While fast fashion brands like Boohoo and Missguided react to Kim Kardashian-inspired looks within a few days; Zara will roll outs inspired looks a full season later, like a ‘real’ designer. Their customers are part of the experience and building brand loyalty through these tactics is a key to its endurance as a market leader. Considerable thought and care goes into replicating Balenciaga and Yeezy runners, which are done so effectively, few care about the fact they are not the real deal.

And unlike smaller designers like Issa, which crumbled under the weight of trying to cope with global demand after Kate Middleton wore their royal blue wrap dress announcing her engagement in 2011, Zara thrives in this type of reactive environment.

On social media, bloggers and fashion influencers are also taking a step back to evaluate their #OOTD strategy. On the one hand, they want to showcase – or at the least the appearance of – their frugality with designer dupes; on the other, they require cheaper clothing in order to allow their black Givenchy Antigona tote to be the focal point of a picture. Both of these are opportunities for Zara to shine.

A bargain in Zara is one which is shouted from the rooftops and their response to sell-out stock in the form of waiting lists and email sign-ups allows the pattern to continue. It doesn’t have quite the same effect as, “Thanks hun Penneys”, but it’s not far off.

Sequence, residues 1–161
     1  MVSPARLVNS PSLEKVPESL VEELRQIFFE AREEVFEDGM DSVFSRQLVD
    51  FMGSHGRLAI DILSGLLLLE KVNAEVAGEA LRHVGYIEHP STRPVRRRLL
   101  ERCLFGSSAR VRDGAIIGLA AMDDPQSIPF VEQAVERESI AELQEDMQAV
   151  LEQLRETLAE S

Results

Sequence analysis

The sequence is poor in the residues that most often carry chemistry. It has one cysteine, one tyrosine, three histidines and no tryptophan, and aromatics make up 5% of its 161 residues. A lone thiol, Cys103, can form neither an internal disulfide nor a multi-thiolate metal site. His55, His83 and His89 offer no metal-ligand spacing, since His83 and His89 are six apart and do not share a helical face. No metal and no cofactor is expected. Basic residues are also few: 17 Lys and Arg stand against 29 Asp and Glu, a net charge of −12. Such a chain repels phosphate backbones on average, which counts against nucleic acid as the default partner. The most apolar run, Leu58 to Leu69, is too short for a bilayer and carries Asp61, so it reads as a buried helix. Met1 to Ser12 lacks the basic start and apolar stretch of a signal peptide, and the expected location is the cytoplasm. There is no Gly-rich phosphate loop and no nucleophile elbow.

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It retains its identity as a mid-scale store with designer look-a-likes aplenty mixed with respectable basics for reasonable prices. These days, simple, solid colour tops are hard to come by. These days, labels prefer signature designs, fabrics and styles to stand out on social media and in real life, but Zara understands that no day is the same for any woman, who requires an arsenal of clothing hanging in her wardrobe.

It sells two collections: TRF, its low-priced basics line, which is aimed at younger women, while the more expensive Women’s range is for when you’ve ‘grown up’, thus allowing a built-in customer experience to last years. It also has men’s, children’s and a homewares range.

Last year, I was on holidays in Istanbul and I was wearing a black floral bomber jacket I bought in Zara back in 2016. As I walked past a restaurant, a man asked confidently, ‘Zara?’ He said he used to work as a designer there and seemed genuinely thrilled to see it in real life, two years after it was on the market. That same jacket is one I joined two different waiting lists to get my hands on after seeing someone share it on Instagram. Such is the cult of Zara, that more than one colleague of mine owns it as well and we have been to known to double up on it in the office.

Queen Letizia of Spain in ZaraQueen Letizia of Spain in Zara

Queen Letizia of Spain in Zara

So, what’s the secret to its success? The effective model they’ve built over the last 44 years. It’s just that now the rest of the world is noticing.

Online Editors